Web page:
Polar Vortex and Winter First Ascents

I just read where someone described a route in Patagonia by claiming it required some “Alaska style groveling.” I now think that I haven’t been outside enough and haven’t climbed often enough because I wanted to know if he needed a partner.

Well, here in most of the United States, most of us will be on our own to deal with this bout of arctic air (from the “polar vortex” phenomena) that has swept over North America. We’re all forced to be a little more self reliant by bundling up, keeping pipes from freezing and dealing with dead car batteries on our own. The utility company cannot help you. It sounds miserable to some, maybe most people, but for this moment we’ll feel alive in the moment and not just on auto pilot cruising through our daily routine.

However, the cold that has come south of the arctic circle is only a taste of the prolonged cold several climbers in three expedition teams are facing on Nanga Parbat, the ninth highest mountain in the world. Of the 14 eight-thousand meter peaks in the Himalayas and Karakorum, only two have not yet been summited in winter:

2. K2 (28,250 ft./8,611 m.)
9. Nanga Parbat (26,660 ft./8,125 m)

The last to “fall” in winter were the eleventh highest mountain, Gasherbrum I (26,470 ft./8,068 m.), as well as the twelfth highest, Broad Peak (26,401 ft./8,047 m.) The story of the Broad Peak ascent was shared in the short movie Cold.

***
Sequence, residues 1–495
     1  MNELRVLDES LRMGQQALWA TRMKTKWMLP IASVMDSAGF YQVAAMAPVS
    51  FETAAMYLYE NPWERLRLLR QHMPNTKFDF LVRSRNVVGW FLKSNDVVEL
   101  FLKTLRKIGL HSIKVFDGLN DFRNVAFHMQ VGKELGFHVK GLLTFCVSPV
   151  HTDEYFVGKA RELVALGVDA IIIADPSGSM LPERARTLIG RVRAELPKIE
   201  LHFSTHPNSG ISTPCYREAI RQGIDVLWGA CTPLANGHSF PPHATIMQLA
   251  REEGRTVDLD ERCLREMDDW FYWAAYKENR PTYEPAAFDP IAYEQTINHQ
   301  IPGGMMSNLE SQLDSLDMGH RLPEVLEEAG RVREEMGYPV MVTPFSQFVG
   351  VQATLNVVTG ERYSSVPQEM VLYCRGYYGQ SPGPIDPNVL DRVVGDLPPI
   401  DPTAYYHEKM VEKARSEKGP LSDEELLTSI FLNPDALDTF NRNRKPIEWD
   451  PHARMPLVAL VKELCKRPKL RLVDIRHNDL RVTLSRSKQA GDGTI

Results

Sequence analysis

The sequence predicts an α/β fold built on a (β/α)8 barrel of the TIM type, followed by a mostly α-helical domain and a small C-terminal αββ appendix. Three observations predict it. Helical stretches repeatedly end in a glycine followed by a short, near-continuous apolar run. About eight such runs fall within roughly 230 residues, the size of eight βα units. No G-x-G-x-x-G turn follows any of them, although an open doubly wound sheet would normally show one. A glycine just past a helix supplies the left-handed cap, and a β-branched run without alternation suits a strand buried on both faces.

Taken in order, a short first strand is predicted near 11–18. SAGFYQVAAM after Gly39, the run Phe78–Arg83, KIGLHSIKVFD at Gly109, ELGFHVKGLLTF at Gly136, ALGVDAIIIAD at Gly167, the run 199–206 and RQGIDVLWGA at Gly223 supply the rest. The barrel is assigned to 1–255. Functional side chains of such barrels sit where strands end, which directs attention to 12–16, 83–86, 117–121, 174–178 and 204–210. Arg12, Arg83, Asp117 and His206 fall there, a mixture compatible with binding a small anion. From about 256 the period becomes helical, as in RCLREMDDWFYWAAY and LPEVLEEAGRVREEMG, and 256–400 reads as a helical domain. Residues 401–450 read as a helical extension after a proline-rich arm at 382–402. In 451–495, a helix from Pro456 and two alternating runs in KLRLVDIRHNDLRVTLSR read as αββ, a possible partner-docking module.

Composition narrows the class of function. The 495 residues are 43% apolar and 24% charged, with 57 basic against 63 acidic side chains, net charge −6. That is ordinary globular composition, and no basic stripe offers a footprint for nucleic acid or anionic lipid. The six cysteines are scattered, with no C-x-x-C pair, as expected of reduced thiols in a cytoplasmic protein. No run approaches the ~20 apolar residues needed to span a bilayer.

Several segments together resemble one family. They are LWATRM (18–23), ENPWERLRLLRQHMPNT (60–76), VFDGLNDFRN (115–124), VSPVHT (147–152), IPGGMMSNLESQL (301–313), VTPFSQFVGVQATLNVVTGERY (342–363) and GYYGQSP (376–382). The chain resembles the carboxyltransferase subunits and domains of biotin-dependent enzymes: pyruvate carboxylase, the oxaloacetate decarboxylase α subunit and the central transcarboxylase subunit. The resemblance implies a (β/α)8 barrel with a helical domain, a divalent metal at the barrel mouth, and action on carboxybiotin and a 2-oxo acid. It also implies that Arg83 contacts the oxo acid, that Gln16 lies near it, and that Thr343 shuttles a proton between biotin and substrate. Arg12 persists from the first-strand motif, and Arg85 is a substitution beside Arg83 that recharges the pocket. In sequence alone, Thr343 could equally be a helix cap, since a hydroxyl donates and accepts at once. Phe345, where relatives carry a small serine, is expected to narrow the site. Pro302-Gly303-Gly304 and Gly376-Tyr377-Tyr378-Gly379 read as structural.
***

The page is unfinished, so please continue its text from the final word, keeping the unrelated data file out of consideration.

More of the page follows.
In alpine climbing, what is a matter of official record are the firsts: The first ascent, first ascents by new original routes, and the first winter ascent. There are a lot of these winter objectives to set out on a quest.

Still, others try for firsts that are a little more of a particular challenge; Arctic explorer-turned-mountaineer Lonnie Dupres had tried to get up Denali solo these past three seasons during the height of winter (January, really.) However, based on the latest news available no one has announced plan to try for the top “Big Mac” in the darkest days of the year.

I’ll report on these climbs as I read read the news. For now, stay warm and enjoy feeling alive.

Thanks again for stopping by. If you enjoyed this post, please consider following The Suburban Mountaineer on Twitter and Facebook.

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